You and I have heard lots of sermons on this text.  There’s a book called If You Want to Walk On Water, You Have to Get Out of the Boat. That’s a good title.  A lot of the preachers I’ve heard use that as the moral of this story.  They say that if we would just have enough faith, we could walk on water.   They say that faith means taking risks and that we have to step out of the boat and keep our eyes on Jesus so that we don’t sink.    I’ve preached a sermon like that on this text, but . . . it’s not how I read the story this time. 

 

This time, I’m thinking about the fact that Jesus made the disciples get into the boat.  He told them that was where he wanted them.    But Peter -- you gotta love Peter  -- he couldn’t stand being in the boat.  He was one of the fishermen, one with experience in storms, but he wanted out and he got out as soon as possible.  And Jesus said, to him, “O you of little faith, why did you doubt?” 

 

Maybe Jesus meant, “why did you doubt that I would come to you in the storm?  Maybe he meant, “Oh Peter, why did you get out of the boat?”

 

So, what looks like faith, getting out of the boat to walk on the water to Jesus might really be a lack of faith.  There are a couple of clues to that.   The first one is that at first Peter isn’t totally sure that it is Jesus.  He tests him by saying “Jesus, if it is you, call me to come to you.”  And then he leaves the others to their fate.  He doesn’t seem to consider what will happen to them without him to work his oars or do his share of bailing.  The last thing they need is to have to rescue a drowning crewmember, but he doesn’t seem concerned about that either. 

The message is not "If he had enough faith, he could have walked on the water," just as the message to us is not "If we had enough faith, we could overcome all our problems in spectacular ways."[2] But rather,  “Can we believe that Jesus is always with us, even when the evidence, the storm, suggests, that he is not?”   We might remember that one of the ancient symbols for the church was a boat, and understand this encouragement to Matthew’s readers to make our way through the storms together, within the community of faith.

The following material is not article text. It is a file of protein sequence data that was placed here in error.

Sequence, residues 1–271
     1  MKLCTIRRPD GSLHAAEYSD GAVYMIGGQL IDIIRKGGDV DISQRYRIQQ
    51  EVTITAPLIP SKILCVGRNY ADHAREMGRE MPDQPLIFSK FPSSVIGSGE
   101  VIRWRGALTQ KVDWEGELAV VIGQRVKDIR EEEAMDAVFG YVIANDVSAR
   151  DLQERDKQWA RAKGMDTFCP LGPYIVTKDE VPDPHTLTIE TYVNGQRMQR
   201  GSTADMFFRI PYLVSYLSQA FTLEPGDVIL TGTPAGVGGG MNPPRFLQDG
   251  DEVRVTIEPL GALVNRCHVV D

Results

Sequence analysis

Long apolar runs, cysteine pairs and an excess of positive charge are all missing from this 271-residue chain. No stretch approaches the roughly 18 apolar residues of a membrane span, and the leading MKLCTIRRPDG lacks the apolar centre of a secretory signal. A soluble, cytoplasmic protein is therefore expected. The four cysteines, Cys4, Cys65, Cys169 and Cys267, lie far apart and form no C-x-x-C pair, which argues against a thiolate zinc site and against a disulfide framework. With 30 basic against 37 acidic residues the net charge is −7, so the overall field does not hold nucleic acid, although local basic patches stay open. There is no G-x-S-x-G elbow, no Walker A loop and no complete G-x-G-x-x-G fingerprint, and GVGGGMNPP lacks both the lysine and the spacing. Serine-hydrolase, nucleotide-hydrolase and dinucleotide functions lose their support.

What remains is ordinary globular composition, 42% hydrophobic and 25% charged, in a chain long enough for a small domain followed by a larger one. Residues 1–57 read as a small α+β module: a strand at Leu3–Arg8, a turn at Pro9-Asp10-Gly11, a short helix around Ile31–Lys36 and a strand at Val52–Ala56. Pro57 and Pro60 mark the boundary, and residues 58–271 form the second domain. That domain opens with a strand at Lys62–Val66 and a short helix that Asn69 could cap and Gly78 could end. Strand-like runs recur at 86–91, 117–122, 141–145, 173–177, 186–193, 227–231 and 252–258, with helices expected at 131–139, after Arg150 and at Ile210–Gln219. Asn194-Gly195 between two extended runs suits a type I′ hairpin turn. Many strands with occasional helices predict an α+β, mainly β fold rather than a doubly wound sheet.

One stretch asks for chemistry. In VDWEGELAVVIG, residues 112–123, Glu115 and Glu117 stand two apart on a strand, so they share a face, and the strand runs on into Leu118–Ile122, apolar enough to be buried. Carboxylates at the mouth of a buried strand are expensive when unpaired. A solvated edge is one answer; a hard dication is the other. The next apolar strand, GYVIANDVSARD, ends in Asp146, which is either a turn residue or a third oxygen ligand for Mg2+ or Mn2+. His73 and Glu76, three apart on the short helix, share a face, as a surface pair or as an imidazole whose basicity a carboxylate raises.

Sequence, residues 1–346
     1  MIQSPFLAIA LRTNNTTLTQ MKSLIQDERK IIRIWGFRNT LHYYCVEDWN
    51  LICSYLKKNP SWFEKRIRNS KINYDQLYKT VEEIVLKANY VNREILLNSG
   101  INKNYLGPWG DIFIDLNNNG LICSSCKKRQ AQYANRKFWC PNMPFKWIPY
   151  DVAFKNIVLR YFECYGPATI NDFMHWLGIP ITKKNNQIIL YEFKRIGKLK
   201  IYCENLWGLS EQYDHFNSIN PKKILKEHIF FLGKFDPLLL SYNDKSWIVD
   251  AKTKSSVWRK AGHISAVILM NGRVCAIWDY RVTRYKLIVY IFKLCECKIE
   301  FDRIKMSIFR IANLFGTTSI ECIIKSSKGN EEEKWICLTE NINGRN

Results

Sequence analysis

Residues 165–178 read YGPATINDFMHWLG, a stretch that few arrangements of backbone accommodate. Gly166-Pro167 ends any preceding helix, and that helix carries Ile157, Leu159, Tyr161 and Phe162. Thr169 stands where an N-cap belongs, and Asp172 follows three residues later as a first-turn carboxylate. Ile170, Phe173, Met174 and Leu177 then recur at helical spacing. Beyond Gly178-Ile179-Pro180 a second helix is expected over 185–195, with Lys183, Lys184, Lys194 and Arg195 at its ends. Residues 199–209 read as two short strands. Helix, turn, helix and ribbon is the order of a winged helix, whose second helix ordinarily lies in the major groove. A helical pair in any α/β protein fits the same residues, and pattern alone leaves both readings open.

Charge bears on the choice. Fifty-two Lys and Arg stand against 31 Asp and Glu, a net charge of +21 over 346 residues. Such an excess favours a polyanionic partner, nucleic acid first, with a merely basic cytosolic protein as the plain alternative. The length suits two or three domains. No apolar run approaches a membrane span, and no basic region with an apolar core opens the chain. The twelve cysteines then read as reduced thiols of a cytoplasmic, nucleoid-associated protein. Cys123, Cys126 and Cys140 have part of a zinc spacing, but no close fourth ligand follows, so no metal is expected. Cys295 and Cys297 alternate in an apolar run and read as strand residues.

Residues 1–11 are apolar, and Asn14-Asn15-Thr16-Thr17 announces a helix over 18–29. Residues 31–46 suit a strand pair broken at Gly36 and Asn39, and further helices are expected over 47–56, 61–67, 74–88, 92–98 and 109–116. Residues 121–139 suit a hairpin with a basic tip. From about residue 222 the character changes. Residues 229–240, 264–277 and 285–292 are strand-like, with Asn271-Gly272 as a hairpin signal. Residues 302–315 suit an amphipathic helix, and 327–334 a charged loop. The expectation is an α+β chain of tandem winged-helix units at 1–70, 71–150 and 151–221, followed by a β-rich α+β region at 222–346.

A few minutes ago we sang Stand By Me.    That hymn was written in 1905 by Charles Albert Tindley.   For the last 30 years of his life, Tindley was the pastor of a 3000-member church in Philadelphia, and he knew his share of storms.    He was born to an enslaved  father and a free mother.  He was born as a free person, but his mother died when he was still young and his father was forced to rent him out.  He said that he was “hired out wherever father could place me.  The people with whom I lived were not all good.  Some of them were cruel to me.  I was not permitted to have a book or got to church.   I used to find bits of newspaper on the roadside and put them in my bosom (for I had no pockets), in order to study the ABC’s from them”[3]

 

Tindley never got to go to school.  He worked as a church custodian and hauled construction materials to pay the bills.  By age 17, he had taught himself to read.  He took night classes from Boston University and eventually was ordained as a Methodist minister.    The hymn Stand By Me says  “when the storms of life are raging, stand by me.” Not if, but when the storms rage.    Charles Tindley understood the storms of life.  He knew that it’s not a matter of  whether there will be storms, but that the storms will swirl and beat and batter us all at different times. 

 

Fear and anxiety are the worst parts of the storm for me.  I don’t like the wind and the waves, but what really tears me up is my fear that they won’t stop or that I won’t see the storm coming and won’t be ready for it.  My fear of the storm I anticipate can be worse than the damage the storm actually inflicts when it arrives. 

 

And so I’ve learned that dealing with fear and anxiety is an issue of faith for me.  Do I try to avoid it?  Do I ask Jesus to deliver me from it?  Well, yes, sometimes I do.  And maybe sometimes that’s the most faithful thing I can do.

 

But I know people who seem to have more faith than fear.  They’re the ones who stay in the boat and cheerfully encourage others to keep bailing because land is in sight.  In Wendell Berry’s words, they can be joyful even though they’ve considered all the facts.[4]  I think that they’ve learned to believe that Jesus is with us, even though the storm might suggest otherwise. 

 

New Testament scholar Beverly Gaventa says, “The variety of faith granted to human beings does not banish fear. No amount of moralizing or pleading will make it so.  Faith does, however, teach us whose name to call and who waits to calm us, for faith knows who is powerful over the deep of our fears as over the deep of the waters.[5] 

 

Life is full of storms.  We cannot avoid them.  But as the current one blows in, let us remember to stay in the boat and believe that Jesus will stay with us.  May we continue to trust the Christ who is powerful over the deepest of our fears. Amen.

 

 

 


[1] Eugene Boring,  New Interpreter’s Bible, Vol. VII, Matthew,  (Nashville:  Abingdon Press, 1995, p.  327.

[2]  Boring, p. 329.

[3] Tindley, Book of Sermons, 1932.

[4] Wendell Berry, Manifesto:  The Mad Farmer Liberation Front,  found at http://www2.gcc.edu/media/events/2013/022713Virtues2HandoutCourage.pdf

[5] Beverly Gaventa “Doubt and Fear – Matthew 14:22-33”, The Christian Century, July 14, 1993.